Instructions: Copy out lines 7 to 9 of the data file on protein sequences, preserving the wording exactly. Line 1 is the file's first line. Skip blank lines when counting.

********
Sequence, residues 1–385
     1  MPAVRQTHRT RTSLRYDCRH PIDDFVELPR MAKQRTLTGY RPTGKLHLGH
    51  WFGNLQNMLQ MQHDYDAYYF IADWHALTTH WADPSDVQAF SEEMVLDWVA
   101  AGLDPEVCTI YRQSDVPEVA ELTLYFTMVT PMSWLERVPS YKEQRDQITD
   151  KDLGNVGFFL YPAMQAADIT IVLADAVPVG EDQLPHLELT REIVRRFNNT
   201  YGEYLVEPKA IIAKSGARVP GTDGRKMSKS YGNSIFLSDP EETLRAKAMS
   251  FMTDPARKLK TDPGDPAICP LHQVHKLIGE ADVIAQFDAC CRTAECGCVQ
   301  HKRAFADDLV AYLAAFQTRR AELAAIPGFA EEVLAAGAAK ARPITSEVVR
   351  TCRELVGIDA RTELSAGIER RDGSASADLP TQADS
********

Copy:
   251  FMTDPARKLK TDPGDPAICP LHQVHKLIGE ADVIAQFDAC CRTAECGCVQ
   301  HKRAFADDLV AYLAAFQTRR AELAAIPGFA EEVLAAGAAK ARPITSEVVR
   351  TCRELVGIDA RTELSAGIER RDGSASADLP TQADS